He had been breathing loudly, sure of himself, and he didn't hear the baying hound as soon as he should have. He could feel the pounding of a single set of hooves not so far behind it; what must be a large horse, one able to traverse the stony way he had fled.
Redmon urged the pony to a gallop and out of the brushy hollow in which he had stashed it. Someone had found his trail much quicker than he had imagined. It must be a superior tracker sent after him so soon. He knew the risks.
Weighing the chance the pony wouldn't catch a leg in the thick brush, he made his way out of the close stuff, finding the trail he had chosen for escape. It was wide, moderately traveled, and he was fairly certain it did not wind toward the temple or any village near the temple. But the one who chased him had followed over the steep hills, disdaining trails, if they existed. His pursuer was mad, probably, with religious fervor and righteous indignation. The worst possible predator. Redmon had his pony up to a run. The hound bayed again, much nearer.
The sun climbed into the sky. Redmon's pony began to tire. Behind him, the hound still bayed, the hoofbeats still thundered heavily. They were gaining. His pony was too poor to do the trick, had been on the trails too long. Redmon was in trouble, but there was nothing he could do except run as long as the pony could go.
They loped around a bend, and the hound was suddenly there, slashing at his mount's hooves, lunging again and again at Redmon's legs. The thief lashed at the dog with a length of cord. The rope looped about the dog's thick neck, and the weight of the stumbling hound caught Redmon by surprise. He fell from his pony, which galloped a hundred feet before pulling up.
As the hound tried to disentangle itself from the loop of hemp, Redmon was on it, stabbing with his long knife. But for a bruise or two, he was unhurt. From around the bend, he could hear the pursuer approaching, almost within sight. He dove into the brush that closed in about the trail, the dog's corpse lying where Redmon had left it.
At least there was only one chasing him, thus far. Or only one who had caught up with him. He could still trust to his proficiency with the longknife, his speed and agility. In his day, he had bested excellent fighters, and he could do so again. From cover, he looked back.
A peasant! He couldn’t believe it. The man climbing from the great plowhorse was merely a farmer! Spying the dog, the other turned to the forest, slashing with a dull sword at the growth that blocked his way. Redmon watched.
The thief lay, waiting, as the farmer hacked at the green brush, tearing at it with the little-used, notched sword. He seemed clumsy with it, unused to the art of swordplay. The thief did not think he would have too difficult a time with him and would even try only to subdue if he had the time. But he didn't have the time. He had to escape, quickly. So...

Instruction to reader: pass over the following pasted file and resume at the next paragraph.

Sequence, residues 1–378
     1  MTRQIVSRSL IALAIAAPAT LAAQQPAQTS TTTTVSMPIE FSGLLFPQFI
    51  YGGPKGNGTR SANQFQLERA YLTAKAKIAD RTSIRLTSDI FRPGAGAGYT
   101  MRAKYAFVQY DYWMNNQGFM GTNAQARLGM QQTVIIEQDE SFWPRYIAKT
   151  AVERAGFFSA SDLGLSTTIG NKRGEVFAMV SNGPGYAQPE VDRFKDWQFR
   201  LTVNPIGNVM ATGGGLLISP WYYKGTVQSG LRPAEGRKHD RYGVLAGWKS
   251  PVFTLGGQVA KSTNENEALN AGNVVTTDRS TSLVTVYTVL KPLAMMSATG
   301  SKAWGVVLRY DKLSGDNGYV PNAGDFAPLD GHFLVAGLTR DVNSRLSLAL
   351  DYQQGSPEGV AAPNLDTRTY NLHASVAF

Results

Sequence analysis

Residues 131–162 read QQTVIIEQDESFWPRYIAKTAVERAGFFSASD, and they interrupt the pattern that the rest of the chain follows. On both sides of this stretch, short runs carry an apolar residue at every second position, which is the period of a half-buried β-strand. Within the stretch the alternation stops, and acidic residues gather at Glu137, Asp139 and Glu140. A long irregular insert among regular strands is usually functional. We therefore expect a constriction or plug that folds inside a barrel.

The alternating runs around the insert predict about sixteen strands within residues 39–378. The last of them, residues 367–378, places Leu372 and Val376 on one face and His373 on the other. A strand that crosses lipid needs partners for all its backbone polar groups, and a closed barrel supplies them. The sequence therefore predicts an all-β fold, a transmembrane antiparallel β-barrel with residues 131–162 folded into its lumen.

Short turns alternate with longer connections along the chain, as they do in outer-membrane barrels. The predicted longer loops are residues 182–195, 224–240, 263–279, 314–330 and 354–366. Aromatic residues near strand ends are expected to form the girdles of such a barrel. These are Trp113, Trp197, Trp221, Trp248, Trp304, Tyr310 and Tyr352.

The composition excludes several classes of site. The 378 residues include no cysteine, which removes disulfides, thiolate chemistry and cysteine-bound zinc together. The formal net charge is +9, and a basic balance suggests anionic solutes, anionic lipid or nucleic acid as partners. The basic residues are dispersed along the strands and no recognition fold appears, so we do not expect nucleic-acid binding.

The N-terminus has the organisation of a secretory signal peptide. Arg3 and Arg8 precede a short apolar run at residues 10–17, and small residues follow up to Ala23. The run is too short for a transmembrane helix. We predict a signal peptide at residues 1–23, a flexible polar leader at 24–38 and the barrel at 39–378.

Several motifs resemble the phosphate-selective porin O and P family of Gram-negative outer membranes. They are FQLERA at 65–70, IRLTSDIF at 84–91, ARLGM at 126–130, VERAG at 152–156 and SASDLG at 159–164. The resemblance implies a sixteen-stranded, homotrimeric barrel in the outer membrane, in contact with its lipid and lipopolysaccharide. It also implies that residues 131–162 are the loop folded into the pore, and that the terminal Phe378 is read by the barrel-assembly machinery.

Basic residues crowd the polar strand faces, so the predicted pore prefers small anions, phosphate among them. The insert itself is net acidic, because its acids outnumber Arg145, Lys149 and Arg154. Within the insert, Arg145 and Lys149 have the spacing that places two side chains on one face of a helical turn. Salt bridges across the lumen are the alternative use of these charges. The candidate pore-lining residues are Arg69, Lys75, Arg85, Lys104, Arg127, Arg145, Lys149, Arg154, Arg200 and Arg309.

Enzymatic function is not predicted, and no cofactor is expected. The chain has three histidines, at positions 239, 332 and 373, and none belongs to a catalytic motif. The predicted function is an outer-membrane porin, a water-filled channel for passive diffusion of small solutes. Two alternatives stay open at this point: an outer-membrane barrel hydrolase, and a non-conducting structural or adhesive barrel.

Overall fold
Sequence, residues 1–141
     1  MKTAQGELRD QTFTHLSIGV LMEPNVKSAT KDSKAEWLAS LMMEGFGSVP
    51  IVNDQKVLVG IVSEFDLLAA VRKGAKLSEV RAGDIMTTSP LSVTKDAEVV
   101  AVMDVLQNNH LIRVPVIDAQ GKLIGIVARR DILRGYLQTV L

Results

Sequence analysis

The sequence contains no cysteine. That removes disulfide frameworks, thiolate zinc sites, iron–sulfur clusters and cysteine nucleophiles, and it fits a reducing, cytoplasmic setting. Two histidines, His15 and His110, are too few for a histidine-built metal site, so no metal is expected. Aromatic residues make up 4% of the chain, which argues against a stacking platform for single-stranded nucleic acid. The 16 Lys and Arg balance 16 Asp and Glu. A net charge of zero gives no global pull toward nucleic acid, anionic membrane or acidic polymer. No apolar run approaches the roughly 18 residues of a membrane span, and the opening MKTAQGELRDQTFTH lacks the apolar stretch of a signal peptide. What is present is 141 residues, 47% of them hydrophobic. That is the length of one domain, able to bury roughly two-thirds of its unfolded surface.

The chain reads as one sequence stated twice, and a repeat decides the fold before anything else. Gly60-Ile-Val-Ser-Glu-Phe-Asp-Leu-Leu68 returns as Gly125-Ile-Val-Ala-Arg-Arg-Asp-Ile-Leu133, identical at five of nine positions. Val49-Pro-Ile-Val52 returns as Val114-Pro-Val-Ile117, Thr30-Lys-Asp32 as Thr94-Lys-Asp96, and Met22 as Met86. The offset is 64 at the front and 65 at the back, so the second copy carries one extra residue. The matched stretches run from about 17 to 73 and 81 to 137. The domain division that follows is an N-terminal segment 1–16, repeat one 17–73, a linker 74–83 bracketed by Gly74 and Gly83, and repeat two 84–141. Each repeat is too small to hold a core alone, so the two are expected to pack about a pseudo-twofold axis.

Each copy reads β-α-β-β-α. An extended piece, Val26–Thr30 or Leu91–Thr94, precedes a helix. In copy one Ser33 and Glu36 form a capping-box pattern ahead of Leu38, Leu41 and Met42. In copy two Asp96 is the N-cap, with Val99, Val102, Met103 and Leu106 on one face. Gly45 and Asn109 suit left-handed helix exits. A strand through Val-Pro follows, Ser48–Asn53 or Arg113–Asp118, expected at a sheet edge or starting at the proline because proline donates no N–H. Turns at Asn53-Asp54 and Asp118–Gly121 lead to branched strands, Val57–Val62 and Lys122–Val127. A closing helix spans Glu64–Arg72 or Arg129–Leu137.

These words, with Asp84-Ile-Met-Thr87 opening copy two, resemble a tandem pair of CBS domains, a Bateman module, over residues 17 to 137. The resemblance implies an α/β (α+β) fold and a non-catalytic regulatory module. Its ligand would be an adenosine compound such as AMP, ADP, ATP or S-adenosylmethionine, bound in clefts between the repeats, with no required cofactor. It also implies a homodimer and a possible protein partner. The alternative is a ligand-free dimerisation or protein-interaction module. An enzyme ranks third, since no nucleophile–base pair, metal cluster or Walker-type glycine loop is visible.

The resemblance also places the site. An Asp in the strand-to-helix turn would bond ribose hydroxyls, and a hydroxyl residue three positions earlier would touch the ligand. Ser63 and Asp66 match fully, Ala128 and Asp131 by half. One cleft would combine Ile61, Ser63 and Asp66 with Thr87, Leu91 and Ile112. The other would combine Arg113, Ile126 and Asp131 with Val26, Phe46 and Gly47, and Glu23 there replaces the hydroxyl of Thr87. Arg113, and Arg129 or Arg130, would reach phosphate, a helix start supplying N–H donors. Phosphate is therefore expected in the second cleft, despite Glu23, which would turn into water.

As soon as the farmer drew near enough, Redmon leaped from hiding. The peasant had drawn up parallel to him, and it was a child's game to thrust forward with his blade. Once only, and he turned and raced back to the trail.
A woman and a small child, a boy, stood there in the trail and saw him. Redmon glared back at them: a tired peasant woman of husky build, dark features and a tow headed boy both gazed at him with blue eyes. He did not need to harm them and dashed past the pair.
He paused for a second to examine the farmer's horse. It was an old animal; Redmon was surprised it had followed as it had. It was less than his pony, even now, so he left it remounted the pony, and galloped away.
From the trail, the woman heard the moan, the chanting. She was a wife, a mother, a tender to life. She went down the embankment to the source of the painful sounds, leaving her small son on the trail. It was quite easy to find the man lying in broken vegetation on the forest floor. All about him the twigs and saplings were bent, the loam soaking in his blood. Still he moaned, calling out. She knelt beside him, knelt to listen, and drew close. And she heard.
Into the day, Redmon pushed the pony to the limits of its endurance, to the limits of his own. He did not stop for more than a handful of minutes to let the pony sip at some stream or to force some grass into its mouth. It was only in late afternoon that he felt safe enough to halt by the side of a river that splashed over huge boulders, misting spray into the air. He had to stop, or his pony would surely die.
He led the animal to the edge of the water, let it drink its fill. He, too, knelt by the pool's shore, dipping his cupped hand into the cool stuff. Behind, the clatter of hoof against pebble alerted him not an instant too soon.